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Oklahoma tight end Grant Calcaterra will have a bigger role in the Sooners offense this season.

Oklahoma mailbag: Are 2-tight end sets in the Sooners’ future?

DieHards tackles the best questions from Oklahoma fans. Look for our Oklahoma question of the day Monday through Friday. Join the conversation by sending your questions to @john_shinn, by email to John at or at the Oklahoma DieHards Facebook page.

Roscoe Parnell asks: With the hiring of Shane Beamer, do you think that Oklahoma will implement more 2-tight end sets?

Oklahoma could, but there are some factors going into the season that I just don’t know. One is how will the Sooners use senior Carson Meier and sophomore Grant Calcaterra?

I know Calcaterra will play tight end in this offense. But if you look at his size (6-foot-4, 224 pounds), he’s a slot receiver. Even last season, the Sooners rarely used All-American and Mackey Award-winning tight end Mark Andrews in the traditional sense. There were few times he lined up in a three-point stance and next to a tackle at the line of scrimmage.

More often than not, Oklahoma used traditional fullback Dimitri Flowers in that role of an extra blocker. Perhaps Meier can do the same thing. He was recruited from Union High School in Tulsa, Okla., as a tight end, but was quickly moved to the fullback/H-back spot.

The influence of new coach Shane Beamer could change some things. I know Lincoln Riley was impressed with what Georgia did with its tight ends in the Rose Bowl, and that played a small part in why Riley pursued hiring Beamer as the Sooners’ 10th assistant coach.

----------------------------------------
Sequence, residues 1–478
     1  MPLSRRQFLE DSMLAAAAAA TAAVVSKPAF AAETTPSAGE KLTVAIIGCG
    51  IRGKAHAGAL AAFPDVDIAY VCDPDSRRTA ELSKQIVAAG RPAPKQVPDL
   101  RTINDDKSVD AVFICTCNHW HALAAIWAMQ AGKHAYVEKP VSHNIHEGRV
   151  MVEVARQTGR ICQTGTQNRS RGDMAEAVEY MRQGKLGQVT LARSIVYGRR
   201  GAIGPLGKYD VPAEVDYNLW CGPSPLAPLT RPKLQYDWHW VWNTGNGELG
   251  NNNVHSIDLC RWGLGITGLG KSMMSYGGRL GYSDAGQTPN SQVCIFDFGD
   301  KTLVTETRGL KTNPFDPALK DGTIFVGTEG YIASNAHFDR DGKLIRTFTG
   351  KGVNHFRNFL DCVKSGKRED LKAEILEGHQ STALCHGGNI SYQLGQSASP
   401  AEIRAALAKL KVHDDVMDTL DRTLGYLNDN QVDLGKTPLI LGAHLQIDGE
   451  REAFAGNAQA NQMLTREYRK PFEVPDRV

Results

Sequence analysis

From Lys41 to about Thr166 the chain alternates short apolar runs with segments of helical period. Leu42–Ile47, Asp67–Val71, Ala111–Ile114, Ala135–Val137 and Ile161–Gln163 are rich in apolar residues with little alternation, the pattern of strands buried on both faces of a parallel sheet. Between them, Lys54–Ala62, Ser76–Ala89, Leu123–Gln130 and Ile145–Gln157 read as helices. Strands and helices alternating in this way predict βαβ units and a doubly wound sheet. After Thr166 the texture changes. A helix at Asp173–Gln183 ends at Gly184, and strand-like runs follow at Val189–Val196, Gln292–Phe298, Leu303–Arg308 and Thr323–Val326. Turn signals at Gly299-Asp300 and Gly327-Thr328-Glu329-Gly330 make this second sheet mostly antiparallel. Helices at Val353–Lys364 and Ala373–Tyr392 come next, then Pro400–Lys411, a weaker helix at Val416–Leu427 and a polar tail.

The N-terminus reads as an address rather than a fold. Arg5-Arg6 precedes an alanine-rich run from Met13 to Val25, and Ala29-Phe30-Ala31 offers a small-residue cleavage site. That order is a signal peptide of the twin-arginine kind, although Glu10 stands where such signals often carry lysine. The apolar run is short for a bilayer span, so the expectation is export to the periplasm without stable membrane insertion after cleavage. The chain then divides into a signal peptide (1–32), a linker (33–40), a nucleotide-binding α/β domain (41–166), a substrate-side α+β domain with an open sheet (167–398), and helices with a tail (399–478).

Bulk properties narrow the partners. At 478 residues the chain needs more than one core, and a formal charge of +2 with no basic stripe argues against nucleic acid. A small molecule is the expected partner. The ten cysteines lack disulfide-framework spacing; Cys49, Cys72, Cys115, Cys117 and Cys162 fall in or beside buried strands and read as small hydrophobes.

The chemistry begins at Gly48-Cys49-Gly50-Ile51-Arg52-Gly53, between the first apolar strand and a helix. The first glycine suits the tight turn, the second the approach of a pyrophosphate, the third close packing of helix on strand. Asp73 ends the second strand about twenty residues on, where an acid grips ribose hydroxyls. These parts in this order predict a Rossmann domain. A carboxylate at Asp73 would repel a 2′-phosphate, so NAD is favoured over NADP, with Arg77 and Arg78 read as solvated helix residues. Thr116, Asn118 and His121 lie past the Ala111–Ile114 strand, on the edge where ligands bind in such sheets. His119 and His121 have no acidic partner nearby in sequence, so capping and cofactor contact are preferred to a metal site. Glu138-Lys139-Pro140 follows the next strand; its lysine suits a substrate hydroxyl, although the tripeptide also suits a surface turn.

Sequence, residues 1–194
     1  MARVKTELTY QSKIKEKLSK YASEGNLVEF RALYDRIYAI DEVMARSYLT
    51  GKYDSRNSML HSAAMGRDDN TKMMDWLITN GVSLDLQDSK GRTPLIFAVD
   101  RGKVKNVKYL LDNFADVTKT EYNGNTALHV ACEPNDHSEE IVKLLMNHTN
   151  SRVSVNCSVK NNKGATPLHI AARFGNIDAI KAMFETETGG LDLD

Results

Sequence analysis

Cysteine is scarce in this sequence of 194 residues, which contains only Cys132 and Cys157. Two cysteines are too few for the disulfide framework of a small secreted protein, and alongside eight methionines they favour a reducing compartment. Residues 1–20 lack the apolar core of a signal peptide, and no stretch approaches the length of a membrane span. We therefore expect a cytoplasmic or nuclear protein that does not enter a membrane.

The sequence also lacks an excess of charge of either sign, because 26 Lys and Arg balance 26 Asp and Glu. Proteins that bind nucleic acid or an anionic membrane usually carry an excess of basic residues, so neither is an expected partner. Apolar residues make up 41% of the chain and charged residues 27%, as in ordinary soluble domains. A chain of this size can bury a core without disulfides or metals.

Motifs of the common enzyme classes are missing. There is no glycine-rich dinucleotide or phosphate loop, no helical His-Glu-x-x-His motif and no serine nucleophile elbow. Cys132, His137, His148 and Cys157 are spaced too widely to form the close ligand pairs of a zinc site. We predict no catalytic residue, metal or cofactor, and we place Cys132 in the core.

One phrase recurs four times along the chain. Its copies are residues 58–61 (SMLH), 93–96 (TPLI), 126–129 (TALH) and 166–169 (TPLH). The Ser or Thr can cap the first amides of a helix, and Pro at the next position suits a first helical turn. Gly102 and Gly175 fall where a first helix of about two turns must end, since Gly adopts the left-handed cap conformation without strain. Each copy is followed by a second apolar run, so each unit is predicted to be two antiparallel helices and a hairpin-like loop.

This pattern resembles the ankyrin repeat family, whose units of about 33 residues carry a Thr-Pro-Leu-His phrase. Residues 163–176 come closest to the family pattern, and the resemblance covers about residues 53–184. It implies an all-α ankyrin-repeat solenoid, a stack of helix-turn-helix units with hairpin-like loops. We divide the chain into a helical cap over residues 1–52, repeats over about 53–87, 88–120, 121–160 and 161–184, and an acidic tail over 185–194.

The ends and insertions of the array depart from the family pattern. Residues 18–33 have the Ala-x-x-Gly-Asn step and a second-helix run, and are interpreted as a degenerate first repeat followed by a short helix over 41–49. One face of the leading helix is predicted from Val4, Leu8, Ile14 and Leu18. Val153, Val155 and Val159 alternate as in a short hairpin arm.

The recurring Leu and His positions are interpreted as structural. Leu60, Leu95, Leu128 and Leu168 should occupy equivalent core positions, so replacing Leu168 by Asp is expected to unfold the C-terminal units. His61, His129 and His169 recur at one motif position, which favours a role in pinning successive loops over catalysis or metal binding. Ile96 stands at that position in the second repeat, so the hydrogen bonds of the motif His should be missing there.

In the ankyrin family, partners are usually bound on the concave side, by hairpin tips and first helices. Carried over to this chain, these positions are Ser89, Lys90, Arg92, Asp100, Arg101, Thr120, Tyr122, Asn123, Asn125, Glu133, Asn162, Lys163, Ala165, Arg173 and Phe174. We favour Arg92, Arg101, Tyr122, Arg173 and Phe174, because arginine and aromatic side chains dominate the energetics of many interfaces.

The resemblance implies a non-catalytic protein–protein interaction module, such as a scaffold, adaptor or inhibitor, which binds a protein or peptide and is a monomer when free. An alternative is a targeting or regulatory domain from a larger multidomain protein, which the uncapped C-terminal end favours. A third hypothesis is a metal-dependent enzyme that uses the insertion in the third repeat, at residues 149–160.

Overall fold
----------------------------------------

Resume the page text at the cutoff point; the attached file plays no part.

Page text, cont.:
Georgia utilized three tight  ends in its basic offense. The three players – Jeb Blazevich, Isaac Nauta and Charlie Woerner – all were listed as starters on Georgia’s depth chart.

I do think you’ll see more two-tight end sets by the 2019 season. The Sooners will add 4-star 2019 tight end Austin Stogner by then. He can do all the things Andrews did, and actually might end up being bigger. He’s already 6-6 and 230 pounds entering his senior year at Prestonwood Christian Academy in Plano, Texas.

Riley has proven in his four seasons of running Oklahoma’s offense that he’ll adapt the offense to its best personnel groups. But just from the look of it coming out of the spring, the multiple tight end groupings might be a year away from coming to fruition.